This is a guest post by Intel Insider Cathy Brooks, who will be joining a handful of other Insiders this week on an Intel-sponsored trip to the Consumer Electronics Show in Las Vegas, NV.
This week marks the start of a New Year – it also marks the annual trek to Vegas for the Consumer Electronics Show. One of the largest trade shows in existence, this gathering will pull geeks of all stripes – from consumer electronics and software wonks to stereo and A/V addicts to automotive and mobile maniacs.
So of course I’m going.
This trip is my second as an Intel Insider, and so thanks to my host I’ll be scooting around Vegas and to an array of events. They’re also gracious enough to be opening their Upload Lounge to me on Thursday, January 7 for what portends to be a lively and amazing conversation.
From 3:00pm to 4:00pm Vegas time (which is Pacific) on Thursday, January 7, I’ll be settling in at the Intel Booth (Central Hall #7153) with social media powerhouses Brian Solis and Chris Brogan, Intel Fellow Genevieve Bell as well as California State Attorney General Candidate (and former Chief Privacy Officer of Facebook) Chris Kelly.
Why am I doing this? Simple.
In the last couple of years, the meteoric rise of social networks and social media platforms have blasted open the nature of what privacy means online – for individuals as well as brands. During 2009 we witnessed an array of issues from a mother posing as one of her daughter’s classmates on MySpace in order to bully the child, an act that resulted in the child committing suicide and the mother being charged. We’ve seen the FTC set parameters in place for bloggers, requiring a new level of accountability, disclosure and transparency.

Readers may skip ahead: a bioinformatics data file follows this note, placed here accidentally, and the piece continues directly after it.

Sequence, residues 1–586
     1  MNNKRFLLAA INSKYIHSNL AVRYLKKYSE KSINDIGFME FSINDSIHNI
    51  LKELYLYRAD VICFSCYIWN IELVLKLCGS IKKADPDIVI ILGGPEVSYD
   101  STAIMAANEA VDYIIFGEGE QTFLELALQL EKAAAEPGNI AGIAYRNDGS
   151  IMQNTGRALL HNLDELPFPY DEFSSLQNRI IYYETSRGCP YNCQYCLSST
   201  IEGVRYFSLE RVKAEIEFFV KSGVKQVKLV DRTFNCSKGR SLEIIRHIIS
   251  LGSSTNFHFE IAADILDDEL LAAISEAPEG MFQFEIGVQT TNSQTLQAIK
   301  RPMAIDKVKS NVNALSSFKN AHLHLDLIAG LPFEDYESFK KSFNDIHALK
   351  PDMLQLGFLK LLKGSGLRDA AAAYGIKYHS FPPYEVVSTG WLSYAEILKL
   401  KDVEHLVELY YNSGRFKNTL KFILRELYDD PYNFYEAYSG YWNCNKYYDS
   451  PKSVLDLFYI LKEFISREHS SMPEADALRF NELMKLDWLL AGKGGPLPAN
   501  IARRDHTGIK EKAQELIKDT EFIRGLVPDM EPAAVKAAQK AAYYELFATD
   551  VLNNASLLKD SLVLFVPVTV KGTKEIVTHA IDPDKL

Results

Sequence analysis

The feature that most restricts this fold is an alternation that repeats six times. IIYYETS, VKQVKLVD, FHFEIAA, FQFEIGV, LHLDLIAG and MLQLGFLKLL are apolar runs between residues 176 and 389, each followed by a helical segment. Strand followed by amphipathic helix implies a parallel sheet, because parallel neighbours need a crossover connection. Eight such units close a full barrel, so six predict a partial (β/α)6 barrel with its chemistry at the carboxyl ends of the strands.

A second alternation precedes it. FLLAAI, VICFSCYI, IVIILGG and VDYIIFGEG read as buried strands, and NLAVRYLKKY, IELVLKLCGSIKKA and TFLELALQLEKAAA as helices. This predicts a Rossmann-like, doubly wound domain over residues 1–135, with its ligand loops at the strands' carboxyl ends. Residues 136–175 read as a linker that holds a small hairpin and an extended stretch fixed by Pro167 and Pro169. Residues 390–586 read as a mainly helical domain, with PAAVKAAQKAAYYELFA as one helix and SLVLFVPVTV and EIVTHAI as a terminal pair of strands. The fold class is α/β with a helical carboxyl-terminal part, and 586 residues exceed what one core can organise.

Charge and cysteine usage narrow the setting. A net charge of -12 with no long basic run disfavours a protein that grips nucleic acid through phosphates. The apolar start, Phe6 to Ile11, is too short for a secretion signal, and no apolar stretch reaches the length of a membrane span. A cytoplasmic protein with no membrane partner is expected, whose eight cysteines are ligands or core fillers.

And the list goes on.
With the New Year upon us and so many folks gathering in Vegas for this digital geekfest, I wanted to spark some discussion about the role government can/should/may play when it comes to security, privacy and identity on-line. How can governments better use technology to … well … be better governments? What can individuals do to protect themselves and how should we each be looking at our on-line presence and activity in this new decade? What about brands and businesses? How can they maintain a sense of security and protection over their livelihoods and should they be held to different standards than individuals now that people are also brands?
So that’s what we’re going to do. At 3:00pm on January 7, we’ll gather at Intel’s booth in the Las Vegas Convention Center for a casual meet-up and moderated discussion. Yes, it will be a bit of a panel, but the plan is to open the discussion and turn it into a true group debate with whomever shows up at the booth …
If you’re going to be in Vegas – come join us!
If you can’t be there in person but still want to participate, you have some options too!
On Twitter: Send an “@” message to @cathybrooks OR send a tweet with the hashtag #otherthanthat
On Ustream: We’ll have a live stream of the conversation here.